What a concept: Get on a bike a just go for a ride… don’t need to race. don’t need to sweat buckets. don’t need to ride in a tight peloton with 1/2″ between the bike in front of you and your bike.
Just get on a bike and go for a ride. Maybe take some pictures. Maybe chat with other people. Heck, maybe ride alongside your wife and chat with her on her bike instead of a mile ahead waiting for her to catch up.
Hmmm. Maybe I’ll try that.
Now, I don’t know about you, but over the last few years I’d reached the point where I began to think, “Hey, I’ve got enough STUFF cluttering up my life, maybe I should stop buying NEW STUFF and just use some of what I’ve got a bit more.” so when I began thinking about buying a new bright’n’shiny bicycle, I thought to myself, “Apparently I’ve got a pretty good bike in the RB-T, maybe I’ll just refurbish and upgrade that bike and ride it ’til I drop.”
My old-guy bike. Yeah, that’s the ticket. No carbon-fiber, 27-speed electric shift, twitchy thing… just me and my RB-T – back together again.
So I began reading up on what I’d need to do to bring it back to life and usable for my purposes. Turns out the project would be non-trivial, but when I was done, I’d have a classic bike in brand new condition and ready to take me wherever my Clydesdale body could pedal – and since I’d done all the work myself, I’d know the bike top-to-bottom, front-to-back, bolt-by-bolt.
I’m on it.
So last Spring I began thinking through what I’d want the bike to serve me for the years ahead and came up with this short list:
* Use original parts whenever possible.
* Add only parts that made the bike more comfortable for my type of riding – around-town “ambling” or long-distance touring – comfort was a key issue for me.
Because I have a slight issue in my upper spine vertebrae, the more upright I was positioned, the more comfortable I was likely to be as I rode.
I wanted to be able to ride wherever I wanted to ride in my standard “uniform of the day”: shorts, t-shirt and sandals / regular shoes.
Following Grant’s line of thinking, I went from 28MM tires (basically, racing and rock-hard to minimize rolling-resistance) to 35MM tires (mid-pressure / softer and broader tires) which gave me a much more comfortable ride. (I skipped the balloon tires with white walls 😉
* All-weather enabled: Fenders to minimize water / dirt splashing on both the bike and me.
* Pleasing appearance.
Not such a big list, eh?
Then I visited local bike shops to see what they had to make my dream a reality. Big disappointment: They had “off-the-shelf” stuff that you’d see on either big-company bikes or racing bikes. Very little – if any -for my purposes. I bought what I could from local suppliers (Cupertino Bicycles / Vance) for the new headset (steering bearing) / bottom bracket (pedal / crank bearing), rear gear cassettes and from a shop in Sunnyvale, an extendable / variable pitch handlebar stem to accomodate my upper-vertabrae issue.
Next, I located a good powder-coating shop over in Livermore to re-paint the RB-T and then I returned to Riv and began ordering what I needed:
Brooks leather saddle.
Nitto steel rear rack.
And because I wanted a certain look and feel, I also ordered leather bar wrap from Velo Orange on the East Coast. (Their web site is at http://www.velo-orange.com) I also ordered Honjo hammered fenders and Plesher double kickstand from Velo.
And finally, I ordered an Air Zound airhorn from http://www.deltacycle.com/product.php?g=1 to clear the lactating herds off the trail in the mornings and an iHome iPod http://www.ihomeaudio.com/products.asp?product_id=10186&dept_id=1007 for music.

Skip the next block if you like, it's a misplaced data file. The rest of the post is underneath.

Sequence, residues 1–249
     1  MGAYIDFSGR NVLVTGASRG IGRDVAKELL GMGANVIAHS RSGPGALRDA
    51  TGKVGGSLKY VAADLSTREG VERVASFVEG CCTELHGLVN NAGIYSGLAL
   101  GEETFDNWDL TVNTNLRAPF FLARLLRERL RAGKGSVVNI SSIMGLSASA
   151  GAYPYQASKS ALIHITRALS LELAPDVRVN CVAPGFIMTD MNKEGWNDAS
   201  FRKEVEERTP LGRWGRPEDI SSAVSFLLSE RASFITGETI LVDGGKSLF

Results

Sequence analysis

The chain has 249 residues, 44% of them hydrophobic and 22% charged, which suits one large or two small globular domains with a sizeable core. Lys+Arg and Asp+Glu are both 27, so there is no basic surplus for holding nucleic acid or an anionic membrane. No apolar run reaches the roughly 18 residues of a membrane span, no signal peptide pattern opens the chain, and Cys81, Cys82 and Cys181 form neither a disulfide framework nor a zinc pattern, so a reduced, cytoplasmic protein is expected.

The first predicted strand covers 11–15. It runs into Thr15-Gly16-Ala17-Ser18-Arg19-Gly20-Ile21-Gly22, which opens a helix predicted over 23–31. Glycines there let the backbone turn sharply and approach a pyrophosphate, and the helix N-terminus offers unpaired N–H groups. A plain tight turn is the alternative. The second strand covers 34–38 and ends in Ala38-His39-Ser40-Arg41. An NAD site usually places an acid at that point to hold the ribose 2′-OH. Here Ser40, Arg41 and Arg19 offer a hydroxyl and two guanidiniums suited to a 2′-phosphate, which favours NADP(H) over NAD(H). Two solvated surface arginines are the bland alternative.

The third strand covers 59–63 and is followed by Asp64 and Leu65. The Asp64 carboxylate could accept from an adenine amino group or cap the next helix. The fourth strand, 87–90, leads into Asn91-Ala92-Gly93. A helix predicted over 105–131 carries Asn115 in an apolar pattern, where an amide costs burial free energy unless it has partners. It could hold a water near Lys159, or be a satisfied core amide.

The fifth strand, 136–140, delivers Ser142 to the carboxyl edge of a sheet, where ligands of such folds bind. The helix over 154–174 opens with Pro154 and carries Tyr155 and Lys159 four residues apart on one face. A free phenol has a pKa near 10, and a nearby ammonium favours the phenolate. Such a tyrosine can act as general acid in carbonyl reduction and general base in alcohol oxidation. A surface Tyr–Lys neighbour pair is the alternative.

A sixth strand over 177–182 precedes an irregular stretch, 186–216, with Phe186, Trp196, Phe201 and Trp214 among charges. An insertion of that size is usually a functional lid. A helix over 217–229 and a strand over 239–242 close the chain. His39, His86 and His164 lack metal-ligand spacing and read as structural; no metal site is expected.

And just about the time I got my newly-painted frame back from Maas Brothers in Livermore, I became ill enough that I couldn’t ride and couldn’t even work on the bike.
About a month after my surgery, I was feeling well enough, so I began re-assembling my new-bike-to-be.
And then Dee became ill and we lost her quickly. I couldn’t breathe for weeks after her death. Staying focused and working on something as intricate as the bike… well, I wasn’t up to it for awhile. But with everyone’s gentle (and not-so-gentle) nudges to get on with my life, combined with Pan’s shop assistant support, I got on with my life and began re-assembling in earnest.
I disassembled, cleaned, lubricated, polished and re-installed the original parts that I’d ridden on for years. I followed directions written in a wonderful book on the how-to for the things I didn’t already know (and there were many). I called Incline Mike, Springfield Al, Velo Orange, Rivendell and Vance of Cupertino Bikes when I hit a wall… and each time, they acted as if no call was trivial or gave me an “how come you don’t know that already?” attitude.
Nope, to a person, every one was very supportive and eventually, the bike came to life and now we’re both back on the road every day… not really counting the miles or the time, but really enjoying the sights and sounds.
So below are a few photos I took about 10 days ago… some of them are slightly fuzzy – sorry about that, I had the setting on “macro” and didn’t realize it, so I’ll need to re-shoot when the weather clears.
As you can see, it’s a pretty good looking bike and, I am pleased to say it rides like a dream… it’s wonderful! (As you can imagine, I could have gotten a new bike for much less but I would have missed the journey this wonderful project has taken me on.)
Enjoy the photos and don’t forget to get out and ride – it’s a great way to see your area and get some exercise. (WARNING: YOU REALLY DO WANT TO CLICK THE PICS TO SEE THE FULL IMAGES – some of the work is really exquisite.)
Thanks to Incline Mike, Springfield Al, Velo Orange, Grant Petersen of Rivendell and Vance of Cupertino Bikes for their patience and guidance.
Special thanks to Joanne for her special support in bringing the Bridgestone back to such a beautiful state 🙂
Ride on, House-dude.
(Oh, and… wait ’til you see what I’m doing with our ’93 Ibis Cousin It (upright) Tandem!